Autumnal equinox signals the end of summer
Happy fall, y’all! September 22 officially marks the beginning of the fall season, and all of the usual events that come with it including the loss of solar energy.
The suns strongest energy is focused directly at the equator today, and its primary focus will continue to head south as we get closer to the winter season as the sun angle declines.
We actually have a way of measuring the sun’s energy. We do that in BTUs (British Thermal Unit), the same unit of measurement you’ll see when shopping for a furnace or space heater.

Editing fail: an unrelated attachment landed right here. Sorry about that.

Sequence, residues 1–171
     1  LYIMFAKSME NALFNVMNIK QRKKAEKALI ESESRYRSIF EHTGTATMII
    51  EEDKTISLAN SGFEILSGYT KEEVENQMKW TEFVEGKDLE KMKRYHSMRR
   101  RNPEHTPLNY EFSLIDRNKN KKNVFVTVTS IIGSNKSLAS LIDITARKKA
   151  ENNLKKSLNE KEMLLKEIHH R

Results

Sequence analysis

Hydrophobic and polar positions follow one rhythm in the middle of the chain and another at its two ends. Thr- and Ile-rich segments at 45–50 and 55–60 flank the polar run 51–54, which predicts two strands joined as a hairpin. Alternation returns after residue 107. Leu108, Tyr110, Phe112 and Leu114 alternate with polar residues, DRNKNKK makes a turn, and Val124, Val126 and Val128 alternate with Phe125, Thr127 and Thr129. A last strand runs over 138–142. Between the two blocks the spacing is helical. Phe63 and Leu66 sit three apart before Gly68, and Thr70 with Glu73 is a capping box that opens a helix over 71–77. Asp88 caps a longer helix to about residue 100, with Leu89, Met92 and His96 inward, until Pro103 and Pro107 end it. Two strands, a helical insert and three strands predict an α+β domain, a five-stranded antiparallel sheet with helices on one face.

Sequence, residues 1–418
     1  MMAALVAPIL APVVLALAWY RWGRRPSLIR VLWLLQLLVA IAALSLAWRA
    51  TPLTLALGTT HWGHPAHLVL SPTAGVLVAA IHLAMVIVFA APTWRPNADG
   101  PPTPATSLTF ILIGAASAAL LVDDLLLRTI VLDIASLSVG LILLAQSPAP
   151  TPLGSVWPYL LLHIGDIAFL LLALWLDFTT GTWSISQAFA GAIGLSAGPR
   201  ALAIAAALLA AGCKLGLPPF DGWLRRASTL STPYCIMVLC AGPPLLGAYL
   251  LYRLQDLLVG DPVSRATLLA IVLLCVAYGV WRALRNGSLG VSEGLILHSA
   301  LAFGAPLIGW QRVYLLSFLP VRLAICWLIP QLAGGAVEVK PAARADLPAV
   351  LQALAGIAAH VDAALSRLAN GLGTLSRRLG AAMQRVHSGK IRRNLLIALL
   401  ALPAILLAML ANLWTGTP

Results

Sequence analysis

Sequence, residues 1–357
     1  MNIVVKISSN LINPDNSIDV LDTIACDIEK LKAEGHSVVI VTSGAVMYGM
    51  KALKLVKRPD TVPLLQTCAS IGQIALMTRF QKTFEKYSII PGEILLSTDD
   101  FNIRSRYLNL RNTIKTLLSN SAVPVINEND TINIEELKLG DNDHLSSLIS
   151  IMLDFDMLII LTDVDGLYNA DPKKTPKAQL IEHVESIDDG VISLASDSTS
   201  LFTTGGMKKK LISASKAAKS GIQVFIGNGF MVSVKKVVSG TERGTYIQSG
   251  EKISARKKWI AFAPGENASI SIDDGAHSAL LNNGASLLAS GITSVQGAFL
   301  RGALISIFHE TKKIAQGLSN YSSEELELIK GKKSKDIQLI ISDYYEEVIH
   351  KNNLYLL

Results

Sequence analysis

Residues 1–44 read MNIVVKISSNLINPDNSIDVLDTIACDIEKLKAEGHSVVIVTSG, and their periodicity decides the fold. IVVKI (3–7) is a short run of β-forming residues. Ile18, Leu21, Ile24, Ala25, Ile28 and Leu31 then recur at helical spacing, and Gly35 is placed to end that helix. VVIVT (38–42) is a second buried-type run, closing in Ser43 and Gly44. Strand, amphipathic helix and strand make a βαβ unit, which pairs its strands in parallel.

During the height of summer, we can receive up to 1,800 BTUs here in the Quad Cities for the month of August. All of that energy is used for heating, evaporation and other physical processes. All of this occurs because the bulk of the suns energy is focused north of the equator. This is a stark contrast to the measly 450 BTUs we typically receive during the month of December when we observe our shortest day of the year in terms of daylight. Most of our incoming solar radiation during the winter months is also reflected back into space thanks to the snow pack that typically sits on the ground.
This is the primary driving force behind why we have our different seasons here. Different amounts of incoming solar radiation over long periods of time drive weather patterns all across the world.
Meteorologist Andrew Stutzke